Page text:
Day 9: 2457 words
Total words: 20062
Project: "You're Lucky You're Cute"
Reason for stopping (both nights): given strict orders that I had to be in bed by 11PM, since I've been subject to horrible exhaustion recently. Pro tip - NaNo, like a marathon, means pacing yourself is important.
What to excerpt? Gosh. I liked the scene with Okita talking about Hijikata, but that may be a bit of my fannishness showing through. But then again, why the heck not? My fannishness is reminiscent of the usual portrayal of the characters' opinions. It might get edited out of the final draft, but that's all right.
Whenever Mr. Okita talked of someone falling in a battle, he sounded proud. Even if he sounded sad, he were proud, but he had a quiet, glowing pride whenever he spoke of his fellow demon that only grew by half just now. It were like a lantern in his eyes, and his mouth couldn't help his smile -- which were a sight different from when he smiled himself.
"To think of him back then, remembering how things were, how they changed after Kyoto burned... I doubt he was a man who could have been killed by a man at all. He was like the spirit of the age where we belonged, born into flesh to make one last stand against the march of time." If I didn't know better than to think he ever cried, I would have thought his eyes had a tear behind his smile. "It doesn't matter whose bullet that was. History killed him. I would have done anything to be there... but... that was a fight for the living. He'd gone to Hakodate to die -- he told my doctor so. There wasn't a world for us anymore. He went because our world deserved a man to die the way it had lived."
I didn't say nothing, for even if I hadn't liked him I still knew well not to answer back to creatures with my life in their hands. But I wanted to know, and I guess Mr. Okita could see what I was wondering in my eyes.
"So why did he come back here, then? Is that it?"
Like I said, it was a heck of a couple days, and now I'm back to work. Not much more to relate besides, "Picked Oda Nobunaga's pseudonym, and it's an eye-roller."
Total Words: 16,587
Project: "You're Lucky You're Cute"
Reason for Stopping: midnight
Maybe I should just remove that last line and substitute 'music' or some other ambient atmospheric? Last night's distraction involved Spirited Away (Sen to Chihiro no Kamikakushi).
"If Salieri and Roland aren't back from Wallachia, why are we here?"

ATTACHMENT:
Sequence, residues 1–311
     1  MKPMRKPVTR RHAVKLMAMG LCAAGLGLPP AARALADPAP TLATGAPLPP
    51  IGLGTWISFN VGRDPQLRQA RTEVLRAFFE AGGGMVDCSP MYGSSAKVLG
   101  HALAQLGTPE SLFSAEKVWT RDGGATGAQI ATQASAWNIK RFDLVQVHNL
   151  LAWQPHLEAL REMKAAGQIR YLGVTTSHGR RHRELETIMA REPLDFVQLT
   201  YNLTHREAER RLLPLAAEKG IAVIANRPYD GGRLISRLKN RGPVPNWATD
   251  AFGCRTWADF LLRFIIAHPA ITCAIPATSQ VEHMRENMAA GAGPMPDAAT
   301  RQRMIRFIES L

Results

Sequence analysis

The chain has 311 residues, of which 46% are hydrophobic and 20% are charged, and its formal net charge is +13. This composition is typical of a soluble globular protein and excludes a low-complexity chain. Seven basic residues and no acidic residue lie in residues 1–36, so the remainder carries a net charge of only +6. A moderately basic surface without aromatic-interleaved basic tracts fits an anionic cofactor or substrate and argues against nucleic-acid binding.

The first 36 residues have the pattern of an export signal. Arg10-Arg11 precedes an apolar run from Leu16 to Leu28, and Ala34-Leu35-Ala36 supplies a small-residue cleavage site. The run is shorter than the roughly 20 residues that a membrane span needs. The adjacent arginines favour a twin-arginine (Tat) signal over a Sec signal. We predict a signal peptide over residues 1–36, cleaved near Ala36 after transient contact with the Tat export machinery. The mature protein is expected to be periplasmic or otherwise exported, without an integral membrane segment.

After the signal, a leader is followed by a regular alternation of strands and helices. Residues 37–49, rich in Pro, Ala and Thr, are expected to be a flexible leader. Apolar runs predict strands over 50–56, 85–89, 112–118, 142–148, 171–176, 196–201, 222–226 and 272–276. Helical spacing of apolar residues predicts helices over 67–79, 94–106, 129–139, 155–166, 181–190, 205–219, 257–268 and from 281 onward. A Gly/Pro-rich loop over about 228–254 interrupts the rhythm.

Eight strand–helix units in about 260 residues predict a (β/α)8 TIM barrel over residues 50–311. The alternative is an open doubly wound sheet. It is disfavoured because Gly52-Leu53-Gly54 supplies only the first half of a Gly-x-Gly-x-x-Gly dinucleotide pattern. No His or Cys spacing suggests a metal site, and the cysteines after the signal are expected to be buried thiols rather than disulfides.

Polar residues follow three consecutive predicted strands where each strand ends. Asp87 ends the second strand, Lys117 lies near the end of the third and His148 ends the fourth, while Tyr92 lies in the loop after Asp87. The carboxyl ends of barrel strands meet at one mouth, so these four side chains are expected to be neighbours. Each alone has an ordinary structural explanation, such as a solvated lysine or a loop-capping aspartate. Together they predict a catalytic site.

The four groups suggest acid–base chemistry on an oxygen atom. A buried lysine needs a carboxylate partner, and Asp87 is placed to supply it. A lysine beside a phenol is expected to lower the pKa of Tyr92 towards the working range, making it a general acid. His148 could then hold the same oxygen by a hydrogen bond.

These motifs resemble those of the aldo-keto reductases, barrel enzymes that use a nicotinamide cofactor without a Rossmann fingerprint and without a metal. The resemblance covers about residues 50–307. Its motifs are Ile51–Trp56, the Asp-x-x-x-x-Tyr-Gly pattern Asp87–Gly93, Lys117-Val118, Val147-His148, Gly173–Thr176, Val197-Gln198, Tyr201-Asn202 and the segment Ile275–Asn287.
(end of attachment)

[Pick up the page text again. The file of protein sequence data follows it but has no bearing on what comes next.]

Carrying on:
Drawing the curtain shut quick, Mr. Hijikata looks her straight in the eye. "The man who killed Gilles is in town. Did any of you talk with a man going by Morvay?"
"That old fool killed Gilles?" Kit shook his head at the ceiling, a trace of an odd laugh on his lips. "Do you need me to write him a thank you note? He's got piss-poor taste in music, but I think we can all agree he did us a favor there. Gilles gave serial murderers a bad name."
"If he could kill Gilles, he can kill you," The Count replied.
Still slogging through the workish part of writing -- getting all the personalities motivated to do something interesting and cohesive. Today's excerpt is short and mostly unrepresentative of what went on, since these hash-out sessions always feel wooden and sloggish. Then, I clip and rearrange and tell it like a story ought to be told, but first I need to see the characters interacting and get a sense of what's going on. For example -- this gathering of vampires is, of course, a bit of a Who's Who of world history, skewing towards the bull-headed strong personalities. There's no way they'd all settle in one city to constantly step on each others' toes, and they're pulling heavily toward the European. After yesterday, I know why.
Not sure if that reason counts as a spoiler or as background...
Today's scenes so far are being remarkably cabbage-heady. I'll have to see if I can find something interesting in all of the exposition about vampire society and the ever-present Vampire Rules. Because every kind of vampire has different rules, and these are sure as heck not Nosferatu.